On behalf of my fellow citizens and all of his fans, we will celebrate the life of a national hero this evening in Berthierville.

Gilles, sarai sempre nei nostri cuori.

Aboriginal Affairs May 7th, 2012

Mr. Speaker, the Ministers of Health, Aboriginal Affairs, Agriculture, Fisheries and Foreign Affairs have all declined to meet with the UN representative.

Canada's reputation in the world continues to suffer as the government looks the other way when it comes to food security. All Canadians, families and children deserve access to safe and secure nutritious food.

Why is the Conservative government refusing to even talk about this serious issue?

Aboriginal Affairs May 7th, 2012

Mr. Speaker, one in ten Canadians and one in five single-parent families are affected by food insecurity.

Today the UN Special Rapporteur on the Right to Food is visiting Canada, the first OECD country to receive him. Instead of welcoming him with open arms and taking the matter seriously, the Conservatives are slamming the door in his face with a bang.

Approximately two million Canadians do not have access to healthy food. Why does the government continue to ignore this problem?

Jobs, Growth and Long-term Prosperity Act May 7th, 2012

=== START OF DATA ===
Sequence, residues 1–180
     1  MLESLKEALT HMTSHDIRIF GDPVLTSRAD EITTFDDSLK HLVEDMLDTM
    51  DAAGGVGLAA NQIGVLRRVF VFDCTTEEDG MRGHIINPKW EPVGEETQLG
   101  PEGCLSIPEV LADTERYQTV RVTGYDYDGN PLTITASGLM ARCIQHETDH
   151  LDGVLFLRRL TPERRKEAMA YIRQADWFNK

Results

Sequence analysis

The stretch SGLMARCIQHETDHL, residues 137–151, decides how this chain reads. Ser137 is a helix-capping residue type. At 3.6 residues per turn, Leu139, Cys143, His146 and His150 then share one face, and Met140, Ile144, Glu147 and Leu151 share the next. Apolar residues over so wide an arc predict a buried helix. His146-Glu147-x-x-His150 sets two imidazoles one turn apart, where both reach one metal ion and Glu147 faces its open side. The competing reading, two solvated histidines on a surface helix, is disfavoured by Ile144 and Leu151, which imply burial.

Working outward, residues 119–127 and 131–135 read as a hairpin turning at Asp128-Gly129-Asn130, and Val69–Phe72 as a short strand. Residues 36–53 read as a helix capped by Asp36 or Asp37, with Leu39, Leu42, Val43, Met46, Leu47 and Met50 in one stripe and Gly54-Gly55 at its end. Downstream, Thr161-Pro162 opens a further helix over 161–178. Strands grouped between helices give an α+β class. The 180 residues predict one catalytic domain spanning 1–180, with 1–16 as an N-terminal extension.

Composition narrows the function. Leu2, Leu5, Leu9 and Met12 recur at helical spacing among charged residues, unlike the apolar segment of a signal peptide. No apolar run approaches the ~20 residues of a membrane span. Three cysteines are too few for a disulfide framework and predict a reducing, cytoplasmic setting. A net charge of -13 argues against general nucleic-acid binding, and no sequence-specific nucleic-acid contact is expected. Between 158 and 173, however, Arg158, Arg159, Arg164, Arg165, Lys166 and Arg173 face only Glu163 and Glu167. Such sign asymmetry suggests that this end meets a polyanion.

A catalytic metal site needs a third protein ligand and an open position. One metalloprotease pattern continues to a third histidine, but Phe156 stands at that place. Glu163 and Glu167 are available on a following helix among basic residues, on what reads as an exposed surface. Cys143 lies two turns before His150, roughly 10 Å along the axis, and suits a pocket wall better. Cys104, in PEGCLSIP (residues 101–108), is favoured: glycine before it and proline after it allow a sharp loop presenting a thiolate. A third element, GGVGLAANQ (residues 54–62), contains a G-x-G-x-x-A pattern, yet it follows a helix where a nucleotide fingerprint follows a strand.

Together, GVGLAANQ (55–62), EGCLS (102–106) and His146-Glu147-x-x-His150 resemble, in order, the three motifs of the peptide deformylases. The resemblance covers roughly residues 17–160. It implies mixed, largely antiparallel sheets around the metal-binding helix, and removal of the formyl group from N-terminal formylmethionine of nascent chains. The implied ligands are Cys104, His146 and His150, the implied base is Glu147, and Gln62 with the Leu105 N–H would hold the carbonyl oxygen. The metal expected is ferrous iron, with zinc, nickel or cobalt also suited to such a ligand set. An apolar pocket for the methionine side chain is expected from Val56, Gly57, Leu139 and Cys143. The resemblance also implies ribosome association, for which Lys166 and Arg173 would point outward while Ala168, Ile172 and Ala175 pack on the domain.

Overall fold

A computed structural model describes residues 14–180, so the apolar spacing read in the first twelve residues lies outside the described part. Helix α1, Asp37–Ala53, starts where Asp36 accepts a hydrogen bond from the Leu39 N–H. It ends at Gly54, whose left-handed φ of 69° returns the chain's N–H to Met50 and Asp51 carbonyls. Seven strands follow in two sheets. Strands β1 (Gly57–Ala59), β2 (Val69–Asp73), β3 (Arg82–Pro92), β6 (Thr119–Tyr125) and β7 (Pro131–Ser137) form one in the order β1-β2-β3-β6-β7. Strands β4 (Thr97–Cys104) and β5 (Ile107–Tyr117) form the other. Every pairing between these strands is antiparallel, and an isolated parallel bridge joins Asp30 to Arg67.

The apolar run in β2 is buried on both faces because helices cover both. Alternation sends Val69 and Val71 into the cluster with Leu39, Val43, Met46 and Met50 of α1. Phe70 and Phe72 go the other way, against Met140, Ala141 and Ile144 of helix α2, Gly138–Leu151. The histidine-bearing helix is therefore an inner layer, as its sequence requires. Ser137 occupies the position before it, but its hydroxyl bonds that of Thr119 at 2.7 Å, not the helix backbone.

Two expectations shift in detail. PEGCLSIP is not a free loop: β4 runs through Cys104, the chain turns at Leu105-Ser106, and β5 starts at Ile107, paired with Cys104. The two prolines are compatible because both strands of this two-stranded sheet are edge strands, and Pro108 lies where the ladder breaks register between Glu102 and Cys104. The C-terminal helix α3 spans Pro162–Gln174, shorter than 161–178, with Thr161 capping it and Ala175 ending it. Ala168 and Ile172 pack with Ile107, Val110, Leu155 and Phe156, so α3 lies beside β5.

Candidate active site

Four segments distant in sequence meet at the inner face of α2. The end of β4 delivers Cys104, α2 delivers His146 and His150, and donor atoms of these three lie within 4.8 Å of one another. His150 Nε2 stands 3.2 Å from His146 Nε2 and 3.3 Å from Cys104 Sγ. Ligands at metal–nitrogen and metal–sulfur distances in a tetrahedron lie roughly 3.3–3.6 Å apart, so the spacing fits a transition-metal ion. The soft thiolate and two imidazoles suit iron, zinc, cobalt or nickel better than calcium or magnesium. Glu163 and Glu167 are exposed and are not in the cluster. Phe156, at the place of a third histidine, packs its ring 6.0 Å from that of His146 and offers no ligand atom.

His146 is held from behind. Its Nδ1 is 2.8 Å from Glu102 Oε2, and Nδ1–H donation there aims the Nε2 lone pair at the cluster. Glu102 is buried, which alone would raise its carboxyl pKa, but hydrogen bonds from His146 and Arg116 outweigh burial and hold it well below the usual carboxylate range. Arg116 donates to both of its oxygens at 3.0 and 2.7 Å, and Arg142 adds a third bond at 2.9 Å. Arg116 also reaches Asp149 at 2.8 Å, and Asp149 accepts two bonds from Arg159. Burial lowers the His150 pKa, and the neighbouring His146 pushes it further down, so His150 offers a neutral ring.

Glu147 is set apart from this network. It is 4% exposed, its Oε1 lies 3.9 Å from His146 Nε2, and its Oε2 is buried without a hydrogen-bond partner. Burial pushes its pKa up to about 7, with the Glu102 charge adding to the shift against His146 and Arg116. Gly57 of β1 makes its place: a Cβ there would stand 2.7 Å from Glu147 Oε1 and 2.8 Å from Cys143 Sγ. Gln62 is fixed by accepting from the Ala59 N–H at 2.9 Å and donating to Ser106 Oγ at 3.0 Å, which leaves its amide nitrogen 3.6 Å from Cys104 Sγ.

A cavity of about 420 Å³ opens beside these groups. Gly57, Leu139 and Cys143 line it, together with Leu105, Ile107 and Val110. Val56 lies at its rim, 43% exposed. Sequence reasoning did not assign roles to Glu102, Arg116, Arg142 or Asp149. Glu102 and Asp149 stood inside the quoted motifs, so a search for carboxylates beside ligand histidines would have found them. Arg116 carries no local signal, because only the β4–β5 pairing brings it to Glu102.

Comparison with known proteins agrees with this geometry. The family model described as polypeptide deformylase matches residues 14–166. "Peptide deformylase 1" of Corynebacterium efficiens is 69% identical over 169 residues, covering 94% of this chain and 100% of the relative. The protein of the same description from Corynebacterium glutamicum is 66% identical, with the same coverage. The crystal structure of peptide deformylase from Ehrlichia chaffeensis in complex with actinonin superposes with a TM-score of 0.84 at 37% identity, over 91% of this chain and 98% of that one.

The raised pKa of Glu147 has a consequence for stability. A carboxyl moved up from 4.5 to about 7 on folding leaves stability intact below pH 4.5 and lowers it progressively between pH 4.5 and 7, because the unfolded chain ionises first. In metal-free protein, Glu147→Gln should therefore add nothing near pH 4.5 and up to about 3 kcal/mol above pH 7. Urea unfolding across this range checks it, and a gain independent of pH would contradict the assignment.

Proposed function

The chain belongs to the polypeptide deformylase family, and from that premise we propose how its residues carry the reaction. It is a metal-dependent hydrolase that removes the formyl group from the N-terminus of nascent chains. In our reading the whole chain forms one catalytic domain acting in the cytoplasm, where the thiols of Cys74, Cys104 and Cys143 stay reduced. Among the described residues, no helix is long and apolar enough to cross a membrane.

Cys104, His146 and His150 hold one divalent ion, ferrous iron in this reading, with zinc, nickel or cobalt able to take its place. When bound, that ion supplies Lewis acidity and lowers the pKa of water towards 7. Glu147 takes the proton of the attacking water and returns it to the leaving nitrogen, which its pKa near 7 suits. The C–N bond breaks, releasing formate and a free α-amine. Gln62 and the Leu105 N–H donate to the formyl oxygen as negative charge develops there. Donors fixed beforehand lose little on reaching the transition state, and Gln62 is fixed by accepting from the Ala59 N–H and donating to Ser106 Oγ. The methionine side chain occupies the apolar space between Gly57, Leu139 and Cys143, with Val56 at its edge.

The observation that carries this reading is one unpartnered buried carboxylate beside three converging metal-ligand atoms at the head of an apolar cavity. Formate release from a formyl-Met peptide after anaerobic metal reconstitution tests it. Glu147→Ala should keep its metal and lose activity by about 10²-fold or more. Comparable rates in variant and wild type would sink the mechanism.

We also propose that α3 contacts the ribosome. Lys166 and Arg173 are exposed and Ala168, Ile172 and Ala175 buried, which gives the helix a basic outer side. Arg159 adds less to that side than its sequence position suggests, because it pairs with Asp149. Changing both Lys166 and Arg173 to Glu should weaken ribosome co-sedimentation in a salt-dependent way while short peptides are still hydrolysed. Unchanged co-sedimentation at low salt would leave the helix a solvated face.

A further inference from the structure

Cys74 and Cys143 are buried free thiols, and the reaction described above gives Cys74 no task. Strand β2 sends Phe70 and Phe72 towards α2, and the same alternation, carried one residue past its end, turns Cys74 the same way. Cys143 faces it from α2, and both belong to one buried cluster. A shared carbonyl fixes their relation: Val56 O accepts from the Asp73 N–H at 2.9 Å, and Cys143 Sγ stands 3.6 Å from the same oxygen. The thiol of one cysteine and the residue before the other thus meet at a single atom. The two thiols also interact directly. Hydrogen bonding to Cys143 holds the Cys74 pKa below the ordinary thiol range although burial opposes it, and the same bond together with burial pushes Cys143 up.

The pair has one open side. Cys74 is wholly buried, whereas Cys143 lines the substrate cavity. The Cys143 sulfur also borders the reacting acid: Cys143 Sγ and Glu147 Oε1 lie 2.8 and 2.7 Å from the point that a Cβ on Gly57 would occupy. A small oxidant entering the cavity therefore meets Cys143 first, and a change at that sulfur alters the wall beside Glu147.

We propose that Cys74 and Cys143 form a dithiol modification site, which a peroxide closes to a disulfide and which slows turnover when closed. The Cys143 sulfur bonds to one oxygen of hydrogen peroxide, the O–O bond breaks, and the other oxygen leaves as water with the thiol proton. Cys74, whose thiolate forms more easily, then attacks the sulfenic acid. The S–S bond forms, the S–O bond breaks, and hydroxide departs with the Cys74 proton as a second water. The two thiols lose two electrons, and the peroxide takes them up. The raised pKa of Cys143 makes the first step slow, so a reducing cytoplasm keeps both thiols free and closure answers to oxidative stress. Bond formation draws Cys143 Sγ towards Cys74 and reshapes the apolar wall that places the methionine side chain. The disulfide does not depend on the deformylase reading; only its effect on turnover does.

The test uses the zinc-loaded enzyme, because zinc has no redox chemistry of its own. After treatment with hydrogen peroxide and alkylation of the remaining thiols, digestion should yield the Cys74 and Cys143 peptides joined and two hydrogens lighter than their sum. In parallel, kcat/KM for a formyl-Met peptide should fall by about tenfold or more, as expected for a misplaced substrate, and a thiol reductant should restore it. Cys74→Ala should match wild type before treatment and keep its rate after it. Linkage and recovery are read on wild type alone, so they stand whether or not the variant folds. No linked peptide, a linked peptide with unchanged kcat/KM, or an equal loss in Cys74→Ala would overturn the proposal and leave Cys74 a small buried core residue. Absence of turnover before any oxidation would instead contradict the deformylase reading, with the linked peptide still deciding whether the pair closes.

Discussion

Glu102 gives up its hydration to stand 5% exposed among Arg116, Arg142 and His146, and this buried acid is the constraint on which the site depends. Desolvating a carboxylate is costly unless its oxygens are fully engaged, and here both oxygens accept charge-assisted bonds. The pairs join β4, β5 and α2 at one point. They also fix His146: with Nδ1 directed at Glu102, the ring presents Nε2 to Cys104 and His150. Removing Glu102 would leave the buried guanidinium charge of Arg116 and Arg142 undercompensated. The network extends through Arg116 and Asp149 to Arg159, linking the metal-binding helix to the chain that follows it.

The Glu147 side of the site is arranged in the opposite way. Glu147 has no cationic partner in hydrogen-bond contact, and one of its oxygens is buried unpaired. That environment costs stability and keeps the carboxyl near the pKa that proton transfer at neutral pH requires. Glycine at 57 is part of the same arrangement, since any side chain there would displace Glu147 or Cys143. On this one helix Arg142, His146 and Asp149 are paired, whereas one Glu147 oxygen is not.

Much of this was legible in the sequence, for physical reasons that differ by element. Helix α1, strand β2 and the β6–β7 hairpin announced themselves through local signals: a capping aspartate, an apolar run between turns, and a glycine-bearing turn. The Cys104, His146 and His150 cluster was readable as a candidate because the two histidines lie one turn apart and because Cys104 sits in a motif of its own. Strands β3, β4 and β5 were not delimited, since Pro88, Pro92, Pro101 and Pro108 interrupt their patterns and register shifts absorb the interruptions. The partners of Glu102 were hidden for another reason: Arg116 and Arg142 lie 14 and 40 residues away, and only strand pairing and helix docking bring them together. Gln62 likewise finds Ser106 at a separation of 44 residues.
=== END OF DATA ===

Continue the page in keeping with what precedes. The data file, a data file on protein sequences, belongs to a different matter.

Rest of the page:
Mr. Speaker, as a mother, I want to look to the future and hope that it is brighter for our children. It seems the future will be a bit more dim for our kids under the Conservative government.

We hope that with amendments and maybe by sending correct parts of the bill to the right committees we might change things and could then look toward a more positive future, but that is very hard to do with the government.

Jobs, Growth and Long-term Prosperity Act May 7th, 2012

Mr. Speaker, I thank the Parliamentary Secretary for his question.

We trust the Parliamentary Budget Officer. He says that the system is fully sustainable. This situation is not unexpected. Forty years ago, we knew that the baby boomers would be turning into seniors around this time. So we are ready, and the system is fully sustainable. We trust him.

Jobs, Growth and Long-term Prosperity Act May 7th, 2012

Mr. Speaker, this is a huge bill. It is over 400 pages. It is full of information. As has been said before, the devil is in the details.

It would be a good idea if the government sent agriculture issues specifically to the agriculture committee and environmental issues to the environment committee. It is as if it is scared to have an open and informed debate on this because it knows that if it were divided, it probably would not pass. Canadians are not for this at all.